You’ve written an incredible exercise in delusions, conjuring a Dream world with only a tenuous connect to reality. In fact, when seen in correct historical context, it becomes clear the European Dream is the one with a terminal prognosis.

It was amazing you could write about the European Dream and find a way to avoid talking about Brexit. A major country pulls out of Europe and you don’t mention it.

Another topic apparently too embarrassing to mention was immigration. Looking at Austria, Hungary, Poland, and most east European countries it is clear that the EU could fracture further on that issue. Can the EU maintain a facade of unity when more than half a dozen countries won’t accept their quotas? Impose fines you say and force them into submission, but that will only arouse more anti-EU sentiment.

Then there’s the problem of the Euro which is making life hard on Greece, Italy, Spain, and other countries in the south. Everyone sees a non-ending series of defaulting loan payments or last minute bank rescues that impose nasty austerity.

What you’re also not getting is that the pendulum has been swinging back away from pan-European identity and is moving towards populism and nationalism. The fight between separate national identities versus multi-cultural internationalism is just starting and will become a lot more spirited in the coming years.

Also a critical piece of evidence that the European Dream is dying is that Europe itself is dying out — many countries are experiencing low birth rates and their native populations are declining. It is a concrete display of lack of confidence in the future as is the fact that a large percentage of key European leaders don’t have children. Why didn’t you mention demography?

Finally you are missing the fact that Europe has been content to hide behind American military protection for 50 years, but Americans are seriously questioning how much longer they want to shelter Europe as a whole. The future may see a Europe beset with internal and external security challenges it is ill-prepared to meet.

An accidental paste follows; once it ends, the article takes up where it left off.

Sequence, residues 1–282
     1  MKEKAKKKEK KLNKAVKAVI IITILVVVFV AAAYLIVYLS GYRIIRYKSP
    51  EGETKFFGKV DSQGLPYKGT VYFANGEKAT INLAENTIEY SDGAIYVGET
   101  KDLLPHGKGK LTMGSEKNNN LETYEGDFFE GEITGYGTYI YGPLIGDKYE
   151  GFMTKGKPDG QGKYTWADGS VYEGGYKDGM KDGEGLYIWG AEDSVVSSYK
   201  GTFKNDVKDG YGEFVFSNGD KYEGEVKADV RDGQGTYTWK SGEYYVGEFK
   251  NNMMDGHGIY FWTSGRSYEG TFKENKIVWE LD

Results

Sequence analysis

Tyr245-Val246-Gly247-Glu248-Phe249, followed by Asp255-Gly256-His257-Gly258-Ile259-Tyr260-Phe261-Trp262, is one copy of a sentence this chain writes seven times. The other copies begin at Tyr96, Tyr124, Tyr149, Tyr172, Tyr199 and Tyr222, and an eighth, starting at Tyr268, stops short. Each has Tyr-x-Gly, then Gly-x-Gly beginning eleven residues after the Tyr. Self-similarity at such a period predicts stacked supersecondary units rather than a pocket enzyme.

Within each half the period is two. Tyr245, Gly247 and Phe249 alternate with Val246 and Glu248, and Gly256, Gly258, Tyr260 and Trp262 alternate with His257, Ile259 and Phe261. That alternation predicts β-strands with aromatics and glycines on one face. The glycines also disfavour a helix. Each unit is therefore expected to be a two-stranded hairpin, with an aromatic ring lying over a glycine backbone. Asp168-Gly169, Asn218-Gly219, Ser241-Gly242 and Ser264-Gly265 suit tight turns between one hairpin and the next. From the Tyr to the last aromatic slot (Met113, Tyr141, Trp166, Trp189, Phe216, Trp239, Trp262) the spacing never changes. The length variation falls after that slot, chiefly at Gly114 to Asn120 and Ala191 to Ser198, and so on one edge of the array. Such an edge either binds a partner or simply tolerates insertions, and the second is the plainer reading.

The American Dream has nothing to do with average life span and everything to do with opportunity. The dynamic VC culture and technological advances coming from Silicon Valley, the entrepreneurs on Shark Tank, the rapid improvements in medicine, transportation, finance, space exploration, and communications all are evidence that Dream is alive and kicking. It is no longer an American Dream, but is connected to a larger international culture. Of the major challenges it is creating, the problem of inequality may be the most serious right now. Coming down the road in a few years, the accelerated pace of automation may undercut career prospects for many. But how can you pronounce the American Dream dead when the Dow Industrials just shot up over 26,000, GDP grew by over 3.0%, and unemployment is the lowest it’s been in America in two decades? Really open the window and take a look.

Mathematician, Statistician, Businessman, and Academic. Student of history, poli sci , and the Bible.

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